As much as players, particularly the black ones, are chastised in the media for their lavish lifestyles, an NFL contract is the economic hope of many poor black youths and their families. There may only be little more than 1,700 African-American men with deals, but that is still 1,700 six-, seven- and eight-figure deals that families and friends of the players are relying on for their economic security. For all the expensive cars and frivolous clubbing, these guys are also propping up immediate and extended family on their salaries. As the checks get bigger, it’s not surprising the number of kids playing at earlier and earlier ages increases. For too many, this is their answer to debilitating poverty.

So what’s a little permanent brain damage?

We can wait for the cultural shift to take place, where football no longer figures so prominently because soccer and basketball have overtaken our imaginations, and then we no longer have to concern ourselves with this messy business of brain injuries. Or we could improve the economic conditions of the poor and working class, especially those of color, and no longer render them dependent on the idea of huge paydays from a major breadwinner putting his future health at risk, and see how that works out. Until then, go Ravens, I guess.


11 thoughts on “For Black Boys, the NFL—and Traumatic Brain Injury—Can Be Lottery Tickets (Participation)

  1. Of course there is going to be large motivation to try and make it to the NFL when checks for NFL players these days are as big as they are. Yes, these men are being paid millions of dollars to play football, but the part that this article neglects to mention is how many of these men truly love the game. The pay day of the NFL is the ultimate goal of course, but that is not the only driving force to participate in the league. I guarantee that if you would have asked a majority of the current NFL players when they were kids what they wanted to do when they got older, more often than not their answer would be to play in the NFL. That’s why there is such a big deal behind the NFL draft, all of these college kids are on the brink of making their lifetime dream come true.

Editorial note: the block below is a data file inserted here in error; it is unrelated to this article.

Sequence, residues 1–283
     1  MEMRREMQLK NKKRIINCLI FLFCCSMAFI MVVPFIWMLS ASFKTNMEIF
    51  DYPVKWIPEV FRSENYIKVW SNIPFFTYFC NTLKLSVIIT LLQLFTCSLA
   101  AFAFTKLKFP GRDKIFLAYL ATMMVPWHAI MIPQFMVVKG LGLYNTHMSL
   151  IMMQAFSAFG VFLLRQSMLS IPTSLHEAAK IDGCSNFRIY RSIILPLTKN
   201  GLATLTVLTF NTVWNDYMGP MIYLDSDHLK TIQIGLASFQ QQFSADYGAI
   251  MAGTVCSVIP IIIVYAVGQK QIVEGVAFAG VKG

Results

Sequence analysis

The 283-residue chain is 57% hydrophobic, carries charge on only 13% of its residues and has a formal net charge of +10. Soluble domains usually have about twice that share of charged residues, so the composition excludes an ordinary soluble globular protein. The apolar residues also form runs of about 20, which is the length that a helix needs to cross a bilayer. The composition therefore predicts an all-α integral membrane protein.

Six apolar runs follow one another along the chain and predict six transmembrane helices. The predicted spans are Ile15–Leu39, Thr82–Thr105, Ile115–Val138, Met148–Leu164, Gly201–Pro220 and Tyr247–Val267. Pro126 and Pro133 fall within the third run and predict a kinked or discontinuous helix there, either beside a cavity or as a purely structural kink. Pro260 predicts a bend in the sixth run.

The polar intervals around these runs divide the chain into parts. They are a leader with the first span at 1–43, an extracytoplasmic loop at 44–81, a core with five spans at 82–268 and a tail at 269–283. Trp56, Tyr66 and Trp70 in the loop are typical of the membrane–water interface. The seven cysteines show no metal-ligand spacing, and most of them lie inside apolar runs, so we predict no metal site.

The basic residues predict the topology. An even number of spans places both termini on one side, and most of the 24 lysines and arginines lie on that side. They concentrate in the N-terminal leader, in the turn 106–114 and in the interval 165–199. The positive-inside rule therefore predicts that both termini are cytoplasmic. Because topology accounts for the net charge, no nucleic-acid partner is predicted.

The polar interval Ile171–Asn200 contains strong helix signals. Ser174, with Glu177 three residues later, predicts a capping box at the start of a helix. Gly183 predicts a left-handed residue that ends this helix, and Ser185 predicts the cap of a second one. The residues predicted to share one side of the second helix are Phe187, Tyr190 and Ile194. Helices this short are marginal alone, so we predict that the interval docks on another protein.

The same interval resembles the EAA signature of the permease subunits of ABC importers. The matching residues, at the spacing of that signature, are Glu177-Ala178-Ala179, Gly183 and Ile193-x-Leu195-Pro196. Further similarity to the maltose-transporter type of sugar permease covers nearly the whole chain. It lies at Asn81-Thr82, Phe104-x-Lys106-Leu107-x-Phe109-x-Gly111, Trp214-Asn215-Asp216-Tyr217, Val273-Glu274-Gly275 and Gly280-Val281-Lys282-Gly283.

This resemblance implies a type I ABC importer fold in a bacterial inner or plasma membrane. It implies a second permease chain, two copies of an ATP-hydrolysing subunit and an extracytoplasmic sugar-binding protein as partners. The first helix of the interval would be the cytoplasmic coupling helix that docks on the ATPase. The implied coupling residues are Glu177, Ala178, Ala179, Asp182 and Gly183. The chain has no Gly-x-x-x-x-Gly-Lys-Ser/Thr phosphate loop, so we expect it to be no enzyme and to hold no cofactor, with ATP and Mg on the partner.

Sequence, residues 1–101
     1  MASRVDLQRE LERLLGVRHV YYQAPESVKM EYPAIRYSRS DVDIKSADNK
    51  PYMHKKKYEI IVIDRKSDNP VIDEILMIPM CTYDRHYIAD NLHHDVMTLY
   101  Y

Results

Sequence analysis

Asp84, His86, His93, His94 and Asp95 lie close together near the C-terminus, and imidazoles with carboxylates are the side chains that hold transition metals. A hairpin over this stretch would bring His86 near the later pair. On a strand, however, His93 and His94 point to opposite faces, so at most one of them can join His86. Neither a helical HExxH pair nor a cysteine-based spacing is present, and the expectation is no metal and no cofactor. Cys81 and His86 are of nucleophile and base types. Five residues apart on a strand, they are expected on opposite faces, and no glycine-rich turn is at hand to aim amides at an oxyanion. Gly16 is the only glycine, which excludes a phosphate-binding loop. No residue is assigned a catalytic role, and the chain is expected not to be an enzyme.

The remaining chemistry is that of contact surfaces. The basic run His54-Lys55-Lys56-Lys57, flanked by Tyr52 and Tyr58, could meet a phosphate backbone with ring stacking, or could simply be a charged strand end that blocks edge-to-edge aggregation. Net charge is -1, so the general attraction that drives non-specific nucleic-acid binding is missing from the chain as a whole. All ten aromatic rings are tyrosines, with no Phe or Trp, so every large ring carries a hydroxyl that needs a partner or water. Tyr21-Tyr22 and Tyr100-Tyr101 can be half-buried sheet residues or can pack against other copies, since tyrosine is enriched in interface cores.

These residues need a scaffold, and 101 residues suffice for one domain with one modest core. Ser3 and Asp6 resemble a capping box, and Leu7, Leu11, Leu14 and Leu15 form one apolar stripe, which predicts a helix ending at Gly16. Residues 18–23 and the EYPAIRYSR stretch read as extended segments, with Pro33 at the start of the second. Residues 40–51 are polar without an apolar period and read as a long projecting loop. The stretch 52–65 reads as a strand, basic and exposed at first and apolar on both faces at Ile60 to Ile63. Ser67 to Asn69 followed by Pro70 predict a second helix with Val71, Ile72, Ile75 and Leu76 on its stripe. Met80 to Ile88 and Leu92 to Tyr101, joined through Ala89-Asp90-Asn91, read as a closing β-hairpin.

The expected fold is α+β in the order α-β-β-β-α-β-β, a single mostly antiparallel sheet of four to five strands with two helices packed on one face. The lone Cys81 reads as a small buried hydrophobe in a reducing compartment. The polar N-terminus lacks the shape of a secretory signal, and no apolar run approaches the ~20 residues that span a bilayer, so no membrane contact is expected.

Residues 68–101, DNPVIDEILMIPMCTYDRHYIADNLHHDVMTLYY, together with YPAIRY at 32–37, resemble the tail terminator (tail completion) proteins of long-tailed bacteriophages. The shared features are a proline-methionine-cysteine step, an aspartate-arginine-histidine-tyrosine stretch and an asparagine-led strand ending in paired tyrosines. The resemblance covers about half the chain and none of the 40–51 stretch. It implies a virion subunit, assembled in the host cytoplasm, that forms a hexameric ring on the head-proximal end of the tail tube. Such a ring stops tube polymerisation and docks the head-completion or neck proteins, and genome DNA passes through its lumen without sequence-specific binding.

With more and more cases and instances of brain injuries/permanent damage to the brain that has been released over the past 5 years, wouldn’t you think that these men would get the memo and stop playing? They understand the risks, they choose to ignore them to play a game that they love and get paid an extremely high amount to do so. It is impossible to make the game completely safe, it is a collision sport, but I know for a fact that the NFL’s biggest priority is player safety. If you’ve watched any game this year you would know this as the league enforces penalties during the game, and fines after the game for any “unnecessary” roughness or contact on a defenseless player. So yes, go Ravens.

    • Andy – I don’t think the author is saying that white football players aren’t impacted; race can matter even when multiple communities are involved

  2. This article invoked a lot of frustration in my opinion. The author concluded that men only want to play football in the NFL for the money. Although there is obviously a huge amount of money that comes from playing football professionally, i would argue that money is not the sole inspiration for these men, especially men of color. As the article mentioned, there is a huge amount of risk that comes along with playing the game. The players are aware of this but they continue to play because they simply love the game. Why do you think that it is so hard for players to retire from the NFL and we have seen a higher average age of men playing in the NFL? Men don’t want to quit because they desperately need a huge paycheck but instead because football is an extremely huge part of their lives’. A part of their life that would be anything but easy to get up.

    The aspect of this article that i found the most frustrating was when the author brought up African American players. The author made is seem as if these players are simply sitting on the edge of their seats waiting for their next pay check so that they can rush home and feed their families. Although this may be true for some African Americans in the NFL, it was not fair for the author to over generalize this and make it seem as if this were the case for every African American player. These amazing football players should be mentioned and written about because of their incredible ability to play football. Not because of the color of the skin and the amount of money they make.